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Cusco RS Type Metal Plate LSD

Cusco RS Type LSD's are a metal plate type limited slip. Initial torque is generated by coil springs rather than the typical cone springs which creates more progressive locking characteristics and improved sensitivity to throttle inputs. RS-Type LSD pressure rings have two ramp angle options allowing for tuning of the LSD to the conditions. High tensile forged chromoly side & pinion gears, case, and other components ensures reliability under extreme horsepower applications. "Oil Through System" case design maximizes LSD cooling and reliability. RS type LSD's are excellent for a wide range of applications owing to their wide range of adjustability and smoother progressive operating characteristics.

Popular applications usually ship within 2 to 3 days.

Manufacturer: Cusco


  • Subaru STI
  • Subaru Legacy Spec B (TY856)

Can you explain the difference between a 1-way, 1.5-way, and 2-way limited slip? This describes the drive and coast sides of the pressure ring ramps. The pressure ring compresses the LSD clutches when torque is applied. The percentage of applied torque that is directed toward the clutches is dependent on the ramp angle. A 1-way LSD has a ramp angle only on the drive side (acceleration) of the pressure ring. On the coast side (deceleration) the ramp angle is 0 degrees so no pressure is applied to the clutches. A 2-way LSD has equal ramp angles in the drive and coast directions and therefore will have significant diff locking pressure when decelerating. A 1.5-way LSD has unequal ramp angles whereby the coast side angle is steeper and provides reduced diff locking pressure when decelerating.

When should a 1-way, 1.5-way, and 2-way LSD be used? Driver preference is a big part of it. More diff locking pressure on deceleration helps with braking stability but negatively affects the handling balance at corner entry. When a 2-way LSD is installed at the front of the car there will be an undesirable understeer characteristic. For this reason a 2-way LSD is rarely used at the front of a car. Typically a 1.5-way LSD is used on loose surfaces and a 1-way LSD used on tarmac surfaces. In the rear diff a 2-way LSD can be used on a wide range of surfaces without severe handling issues. However, a 1.5-way LSD is tyipcally used on tarmac and a 1-way may be preferred in low speed courses with very tight tarmac corners (such as autocross and some types of gymkhana competition). The amount of initial (breakaway) torque may also influence the type of LSD that the driver prefers in certain locations.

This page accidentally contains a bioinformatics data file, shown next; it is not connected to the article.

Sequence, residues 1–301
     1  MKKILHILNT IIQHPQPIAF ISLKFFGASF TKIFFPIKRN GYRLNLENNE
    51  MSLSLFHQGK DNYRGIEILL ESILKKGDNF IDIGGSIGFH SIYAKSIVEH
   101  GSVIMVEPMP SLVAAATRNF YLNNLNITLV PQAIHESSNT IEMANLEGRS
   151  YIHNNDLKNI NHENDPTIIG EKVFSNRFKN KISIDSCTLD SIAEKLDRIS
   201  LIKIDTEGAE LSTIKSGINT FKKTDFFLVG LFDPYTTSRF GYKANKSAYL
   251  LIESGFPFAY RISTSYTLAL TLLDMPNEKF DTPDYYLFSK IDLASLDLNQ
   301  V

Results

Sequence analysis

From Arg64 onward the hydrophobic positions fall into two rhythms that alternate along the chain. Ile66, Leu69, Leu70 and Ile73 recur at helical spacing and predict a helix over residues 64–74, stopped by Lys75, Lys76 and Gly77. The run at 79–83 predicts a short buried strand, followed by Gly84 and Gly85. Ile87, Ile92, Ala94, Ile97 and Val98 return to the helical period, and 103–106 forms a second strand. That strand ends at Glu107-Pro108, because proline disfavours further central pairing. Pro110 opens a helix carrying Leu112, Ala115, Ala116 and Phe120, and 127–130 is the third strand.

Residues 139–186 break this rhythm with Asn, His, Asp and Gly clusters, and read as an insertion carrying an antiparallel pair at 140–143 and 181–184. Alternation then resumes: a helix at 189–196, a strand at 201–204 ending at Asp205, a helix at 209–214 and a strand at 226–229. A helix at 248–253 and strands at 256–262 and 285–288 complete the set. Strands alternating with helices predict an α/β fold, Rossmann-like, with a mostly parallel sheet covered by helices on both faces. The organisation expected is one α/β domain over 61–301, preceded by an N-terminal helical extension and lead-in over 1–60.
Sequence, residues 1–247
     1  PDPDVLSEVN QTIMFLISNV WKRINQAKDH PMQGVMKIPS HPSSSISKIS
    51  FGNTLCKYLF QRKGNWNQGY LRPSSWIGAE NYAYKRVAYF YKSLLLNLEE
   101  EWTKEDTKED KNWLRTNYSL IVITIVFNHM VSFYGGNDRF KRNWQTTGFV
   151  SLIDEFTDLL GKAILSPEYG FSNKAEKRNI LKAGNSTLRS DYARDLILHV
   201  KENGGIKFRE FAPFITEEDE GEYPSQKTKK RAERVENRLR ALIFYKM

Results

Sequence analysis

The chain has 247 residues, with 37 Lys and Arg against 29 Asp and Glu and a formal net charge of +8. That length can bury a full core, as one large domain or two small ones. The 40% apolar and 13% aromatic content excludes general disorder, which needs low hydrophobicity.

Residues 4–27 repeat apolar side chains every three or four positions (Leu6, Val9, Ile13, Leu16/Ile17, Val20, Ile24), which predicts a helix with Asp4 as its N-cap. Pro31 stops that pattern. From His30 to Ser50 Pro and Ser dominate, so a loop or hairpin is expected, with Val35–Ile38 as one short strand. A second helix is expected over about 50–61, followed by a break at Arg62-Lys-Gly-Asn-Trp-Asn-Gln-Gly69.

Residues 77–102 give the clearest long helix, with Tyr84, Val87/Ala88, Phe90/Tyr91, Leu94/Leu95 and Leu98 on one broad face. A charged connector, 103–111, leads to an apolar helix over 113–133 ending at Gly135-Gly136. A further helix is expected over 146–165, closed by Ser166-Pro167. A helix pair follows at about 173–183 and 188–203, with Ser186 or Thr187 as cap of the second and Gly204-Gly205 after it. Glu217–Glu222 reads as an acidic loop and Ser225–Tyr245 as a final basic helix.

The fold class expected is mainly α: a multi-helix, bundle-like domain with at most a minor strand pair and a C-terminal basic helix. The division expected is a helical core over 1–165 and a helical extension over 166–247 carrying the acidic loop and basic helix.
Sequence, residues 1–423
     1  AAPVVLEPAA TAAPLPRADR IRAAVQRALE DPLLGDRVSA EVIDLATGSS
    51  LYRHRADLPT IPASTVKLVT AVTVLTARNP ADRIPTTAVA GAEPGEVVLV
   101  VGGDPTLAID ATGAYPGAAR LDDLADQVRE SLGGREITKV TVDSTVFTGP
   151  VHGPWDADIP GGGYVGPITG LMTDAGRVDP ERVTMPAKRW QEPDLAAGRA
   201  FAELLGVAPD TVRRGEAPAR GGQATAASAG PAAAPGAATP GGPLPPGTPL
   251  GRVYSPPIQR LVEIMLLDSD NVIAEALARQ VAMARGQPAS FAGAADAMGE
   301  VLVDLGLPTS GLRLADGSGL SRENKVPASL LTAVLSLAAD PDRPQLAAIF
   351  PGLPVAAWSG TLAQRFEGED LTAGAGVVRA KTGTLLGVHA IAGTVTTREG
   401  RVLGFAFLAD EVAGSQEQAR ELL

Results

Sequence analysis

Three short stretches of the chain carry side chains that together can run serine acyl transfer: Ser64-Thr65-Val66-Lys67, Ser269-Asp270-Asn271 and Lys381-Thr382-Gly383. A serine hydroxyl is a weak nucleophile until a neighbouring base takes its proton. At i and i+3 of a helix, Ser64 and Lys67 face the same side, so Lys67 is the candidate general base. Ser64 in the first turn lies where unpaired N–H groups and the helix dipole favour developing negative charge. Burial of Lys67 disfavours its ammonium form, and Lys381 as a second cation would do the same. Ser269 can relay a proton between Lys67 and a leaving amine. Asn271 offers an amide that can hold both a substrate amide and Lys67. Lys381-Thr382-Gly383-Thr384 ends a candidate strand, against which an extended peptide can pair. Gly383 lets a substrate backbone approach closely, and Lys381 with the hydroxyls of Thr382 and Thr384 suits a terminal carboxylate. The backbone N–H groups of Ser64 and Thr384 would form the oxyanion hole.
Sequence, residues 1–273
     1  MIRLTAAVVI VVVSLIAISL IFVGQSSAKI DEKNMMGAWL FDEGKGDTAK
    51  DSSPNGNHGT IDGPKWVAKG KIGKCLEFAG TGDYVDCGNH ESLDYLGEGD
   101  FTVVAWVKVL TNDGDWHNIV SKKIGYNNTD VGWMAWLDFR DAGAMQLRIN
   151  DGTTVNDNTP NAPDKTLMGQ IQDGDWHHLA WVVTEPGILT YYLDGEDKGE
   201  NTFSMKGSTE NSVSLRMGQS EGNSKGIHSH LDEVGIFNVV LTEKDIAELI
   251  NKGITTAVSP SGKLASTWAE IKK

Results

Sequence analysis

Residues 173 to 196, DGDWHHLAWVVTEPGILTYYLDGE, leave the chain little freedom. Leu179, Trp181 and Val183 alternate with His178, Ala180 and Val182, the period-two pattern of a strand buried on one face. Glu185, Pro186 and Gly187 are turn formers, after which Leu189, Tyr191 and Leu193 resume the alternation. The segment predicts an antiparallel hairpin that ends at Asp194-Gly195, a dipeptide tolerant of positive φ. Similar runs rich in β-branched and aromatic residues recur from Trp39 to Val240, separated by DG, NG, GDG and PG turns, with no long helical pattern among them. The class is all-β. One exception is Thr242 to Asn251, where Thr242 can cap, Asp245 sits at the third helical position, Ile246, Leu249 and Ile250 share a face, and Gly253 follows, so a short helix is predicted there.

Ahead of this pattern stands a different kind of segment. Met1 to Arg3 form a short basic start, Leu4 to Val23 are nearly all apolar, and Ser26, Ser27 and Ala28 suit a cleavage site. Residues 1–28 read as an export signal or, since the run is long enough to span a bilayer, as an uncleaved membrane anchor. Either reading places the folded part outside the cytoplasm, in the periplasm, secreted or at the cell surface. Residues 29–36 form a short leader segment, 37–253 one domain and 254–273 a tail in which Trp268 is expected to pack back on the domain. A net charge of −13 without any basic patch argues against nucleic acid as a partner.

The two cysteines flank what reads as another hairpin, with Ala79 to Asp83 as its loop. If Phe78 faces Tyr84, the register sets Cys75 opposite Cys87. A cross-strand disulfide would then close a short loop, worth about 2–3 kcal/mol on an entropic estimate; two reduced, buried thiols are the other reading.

What is the difference between Cusco RS Type and MZ Type limited slips? The difference is primarily in the type of spring used to preload the clutch plates and provide the initial torque. The RS Type LSD uses a set of coil springs between the pressure rings which provides a low initial torque value but assists with pressure ring activiation making the LSD very sensitive to throttle application allowing for increased mid-corner finesse and control. The MZ Type LSD uses the more traditional belleville (cone) spring which has a high initial torque and locking efficiency. On low traction surfaces the MZ Type LSD can provide increased forward traction and stability over the Type RS. Driver preference is important in deciding which LSD is the correct choice. Additionally, the RS Type LSD's lower initial torque will noticeably reduce the clutch plate wear and extend the rebuild schedule when compared to the MZ Type. Most street driven applications will be better suited to the RS Type operating characteristics.

What type of oil should be used with these LSD's? For optimum performance and reduced wear and noise these LSD's require LSD-specific oils. Cusco offers gear oils that are specifically blended to optimize the performance of their limited slip diffs. However, in applications where the limited slip is packaged within and shares the oil supply of a synchronized gearbox, such as a Subaru, there will be some tradeoff in synchro performance for limited slip performance. In cases where synchro life and performance is not adequate with an LSD type oil we suggest using Motul Gear 300.

Is there a break-in process with these LSD's? All clutch type limited slip diffs will function with better performance and less noise if they are properly broken in. The break-in process generally involves running in a constant low speed figure-8 pattern for approximately 30 minutes followed by changing the oil. This process smooths and burnishes the clutch plates and ensures even contact between the friction surfaces of the plates.